HCJ Rules: LBGTQ and Arab Equality are not Controversial Subjects

The High Court of Justice (HCJ) today accepted the petition submitted by the Association for Civil Rights in Israel (ACRI) against the Second Television and Radio Authority (“Second Authority”) concerning the disqualification of three sentences in a public service announcement produced by ACRI for screening on Channel Two and Channel Ten. The HCJ accepted ACRI’s argument that the message of promoting human rights cannot be considered controversial in a democratic country, and agreed that the Second Authority should not disqualify sentences such as “The right to speak Arabic without being afraid” and “The right to love, even if I’m gay.” However, the HCJ did not strike out the disqualification of the word “marriage” referring to same-sex marriage.


The PSA, produced ahead of International Human Rights Day, which is marked annually on December 10, features celebrities talking about rights that are important to them. Among others, Mira Awad appears saying that it is important to her to be able to speak Arabic without being afraid, while Adir Steiner declares that he has the right to love and to get married, even if he is gay. The PSA was broadcast on Channel Two, but the Second Authority subsequently decided that it includes controversial subjects, something that is prohibited under its own rules. The Second Authority ordered that the PSA not be broadcast until the disqualified sentences were removed.


The petition noted that over a decade ago, the HCJ instructed the Interior Ministry to register a same-sex couple who married abroad as married; this is a familiar and recognized right in Israel. Similarly, Arabic is an official language in the State of Israel and pubic authorities are required to use it. Accordingly, it is not possible that such issues, having been recognized by the state, are “controversial” as claimed by the Second Authority.


Another sentence that was disqualified was “No dignity. No liberty. No equality.” However, the disqualification decision ignored the fact that this sentence was followed immediately by the explanation “when human rights are not protected.” It is difficult to imagine that anyone would disagree that when human rights are not protected, there can be no dignity, liberty or equality.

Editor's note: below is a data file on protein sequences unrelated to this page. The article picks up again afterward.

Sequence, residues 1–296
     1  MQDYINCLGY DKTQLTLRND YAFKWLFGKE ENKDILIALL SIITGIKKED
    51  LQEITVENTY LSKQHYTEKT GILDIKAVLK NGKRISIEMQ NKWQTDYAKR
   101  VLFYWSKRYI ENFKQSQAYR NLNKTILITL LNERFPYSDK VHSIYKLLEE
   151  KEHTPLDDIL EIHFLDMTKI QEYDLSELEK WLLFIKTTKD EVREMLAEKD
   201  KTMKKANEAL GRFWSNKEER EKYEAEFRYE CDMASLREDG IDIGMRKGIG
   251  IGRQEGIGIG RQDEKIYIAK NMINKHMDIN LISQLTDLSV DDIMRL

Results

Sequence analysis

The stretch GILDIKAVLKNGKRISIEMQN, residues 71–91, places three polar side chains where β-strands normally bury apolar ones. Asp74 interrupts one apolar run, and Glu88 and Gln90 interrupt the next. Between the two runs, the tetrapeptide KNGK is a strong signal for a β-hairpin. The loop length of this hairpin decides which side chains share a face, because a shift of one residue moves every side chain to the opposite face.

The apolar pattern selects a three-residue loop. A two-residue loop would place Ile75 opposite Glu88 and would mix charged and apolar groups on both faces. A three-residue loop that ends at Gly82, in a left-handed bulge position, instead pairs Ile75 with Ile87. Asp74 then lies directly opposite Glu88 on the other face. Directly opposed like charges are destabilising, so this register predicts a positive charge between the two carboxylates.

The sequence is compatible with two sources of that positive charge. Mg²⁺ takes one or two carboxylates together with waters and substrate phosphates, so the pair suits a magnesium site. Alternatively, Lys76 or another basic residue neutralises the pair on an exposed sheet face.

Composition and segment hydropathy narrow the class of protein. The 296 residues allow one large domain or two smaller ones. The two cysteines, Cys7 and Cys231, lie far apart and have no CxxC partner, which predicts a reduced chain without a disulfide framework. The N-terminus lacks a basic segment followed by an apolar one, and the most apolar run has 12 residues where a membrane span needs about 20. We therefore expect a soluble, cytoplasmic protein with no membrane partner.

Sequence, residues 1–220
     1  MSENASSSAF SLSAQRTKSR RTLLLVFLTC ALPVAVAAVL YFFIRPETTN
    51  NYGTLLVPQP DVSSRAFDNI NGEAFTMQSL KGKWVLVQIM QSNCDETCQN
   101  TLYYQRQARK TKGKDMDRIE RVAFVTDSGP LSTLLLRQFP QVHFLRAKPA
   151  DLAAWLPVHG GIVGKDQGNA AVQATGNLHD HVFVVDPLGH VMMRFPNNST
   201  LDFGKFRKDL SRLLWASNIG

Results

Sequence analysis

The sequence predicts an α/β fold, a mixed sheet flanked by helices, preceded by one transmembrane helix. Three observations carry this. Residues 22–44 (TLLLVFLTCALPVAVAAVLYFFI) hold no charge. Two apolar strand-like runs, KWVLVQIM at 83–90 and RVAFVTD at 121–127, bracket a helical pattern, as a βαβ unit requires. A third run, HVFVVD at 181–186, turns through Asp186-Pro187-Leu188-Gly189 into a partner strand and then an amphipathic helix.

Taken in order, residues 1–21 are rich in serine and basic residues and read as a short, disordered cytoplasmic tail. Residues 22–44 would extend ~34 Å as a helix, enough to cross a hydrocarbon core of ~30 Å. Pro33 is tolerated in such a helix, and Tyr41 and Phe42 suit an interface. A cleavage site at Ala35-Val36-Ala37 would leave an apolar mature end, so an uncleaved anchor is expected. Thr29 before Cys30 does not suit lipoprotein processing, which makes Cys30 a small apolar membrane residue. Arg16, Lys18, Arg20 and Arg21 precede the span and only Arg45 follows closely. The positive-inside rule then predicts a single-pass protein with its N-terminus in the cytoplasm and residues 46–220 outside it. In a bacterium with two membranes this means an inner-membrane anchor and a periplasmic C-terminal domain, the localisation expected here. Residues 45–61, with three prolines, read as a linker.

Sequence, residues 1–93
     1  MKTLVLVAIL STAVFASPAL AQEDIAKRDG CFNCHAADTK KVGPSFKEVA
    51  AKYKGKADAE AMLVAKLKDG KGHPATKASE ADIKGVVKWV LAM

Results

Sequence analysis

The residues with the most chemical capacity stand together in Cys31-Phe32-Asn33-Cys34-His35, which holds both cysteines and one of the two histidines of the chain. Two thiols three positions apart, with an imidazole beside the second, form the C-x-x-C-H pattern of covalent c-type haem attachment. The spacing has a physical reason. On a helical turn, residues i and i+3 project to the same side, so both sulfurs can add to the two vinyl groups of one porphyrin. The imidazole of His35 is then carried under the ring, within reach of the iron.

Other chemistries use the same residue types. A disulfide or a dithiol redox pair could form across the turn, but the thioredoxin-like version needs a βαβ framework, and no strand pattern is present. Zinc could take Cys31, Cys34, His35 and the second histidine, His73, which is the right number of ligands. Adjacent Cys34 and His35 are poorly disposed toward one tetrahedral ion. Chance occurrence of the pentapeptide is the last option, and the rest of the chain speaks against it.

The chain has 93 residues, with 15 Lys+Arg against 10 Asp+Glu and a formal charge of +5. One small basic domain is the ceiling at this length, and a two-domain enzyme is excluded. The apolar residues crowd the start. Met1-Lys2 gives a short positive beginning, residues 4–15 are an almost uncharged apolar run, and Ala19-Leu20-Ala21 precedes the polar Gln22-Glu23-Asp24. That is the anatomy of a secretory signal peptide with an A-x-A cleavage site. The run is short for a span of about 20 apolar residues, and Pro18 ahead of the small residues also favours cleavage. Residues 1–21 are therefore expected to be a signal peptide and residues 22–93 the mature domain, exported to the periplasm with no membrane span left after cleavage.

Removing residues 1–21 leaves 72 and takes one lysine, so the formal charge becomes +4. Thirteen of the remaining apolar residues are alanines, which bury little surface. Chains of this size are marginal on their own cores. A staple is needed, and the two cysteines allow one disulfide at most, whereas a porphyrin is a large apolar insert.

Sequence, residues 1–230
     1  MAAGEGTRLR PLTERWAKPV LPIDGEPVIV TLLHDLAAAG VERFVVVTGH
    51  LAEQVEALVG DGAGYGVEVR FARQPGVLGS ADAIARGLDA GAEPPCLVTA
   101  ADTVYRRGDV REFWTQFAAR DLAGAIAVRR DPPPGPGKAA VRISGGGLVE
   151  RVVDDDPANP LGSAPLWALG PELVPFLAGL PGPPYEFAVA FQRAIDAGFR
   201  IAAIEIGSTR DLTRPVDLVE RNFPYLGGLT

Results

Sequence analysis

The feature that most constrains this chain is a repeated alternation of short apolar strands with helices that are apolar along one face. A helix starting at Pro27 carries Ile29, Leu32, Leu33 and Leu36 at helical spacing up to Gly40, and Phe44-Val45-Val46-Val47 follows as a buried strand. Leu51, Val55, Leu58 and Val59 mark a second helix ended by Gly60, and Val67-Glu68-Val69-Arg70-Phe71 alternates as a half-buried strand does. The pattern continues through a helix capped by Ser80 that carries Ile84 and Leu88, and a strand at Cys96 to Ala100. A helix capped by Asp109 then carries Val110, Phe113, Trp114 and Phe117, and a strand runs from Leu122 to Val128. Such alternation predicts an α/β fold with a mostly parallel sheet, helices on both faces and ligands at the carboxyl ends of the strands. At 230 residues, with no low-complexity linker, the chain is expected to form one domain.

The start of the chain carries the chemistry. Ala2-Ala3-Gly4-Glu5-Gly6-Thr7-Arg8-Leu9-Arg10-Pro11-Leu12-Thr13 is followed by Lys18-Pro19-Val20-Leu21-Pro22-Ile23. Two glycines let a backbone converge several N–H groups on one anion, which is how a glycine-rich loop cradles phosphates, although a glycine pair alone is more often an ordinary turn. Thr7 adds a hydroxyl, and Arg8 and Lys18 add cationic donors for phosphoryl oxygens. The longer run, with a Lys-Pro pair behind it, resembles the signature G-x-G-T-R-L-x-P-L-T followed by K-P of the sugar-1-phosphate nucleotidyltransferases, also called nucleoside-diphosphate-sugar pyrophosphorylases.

Over its 45 years, ACRI has petitioned the HCJ many times in order to defend the rights of others. This is the first time, however, that ACRI has been forced to turn to the Court in order to prevent the violation of its own rights and its freedom of expression.


Attorney Dan Yakir, ACRI’s Legal Advisor, comments: “By accepting ACRI’s petition, the HCJ has not only defended ACRI’s freedom of expression to present its position on television, but it has also defended the public’s right to be exposed to the message of human rights for all humans – including the right to speak Arabic and the right of same-sex couples to recognition. As Justice Baron noted, we cannot accept the position that ‘a PSA that promotes human rights will constitute a controversial social and political message; recognition of and commitment to human rights are inherently related to the very existence of a democratic society; this is certainly the case in the reality in which we live.” Human rights are part of the foundation of democracy, and accordingly the Second Authority’s decision to disqualify this content was particularly grave. It is regrettable that the HCJ approved the disqualification of the word “marriage.” The right of same-sex couples to marry is a basic right. The PSA did not discuss how this right should be implemented in Israel, and accordingly there was no cause to disqualify it.”


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Categories: Democracy and Civil Liberties, Freedom of Expression, LGBT Rights, Racism and Discrimination


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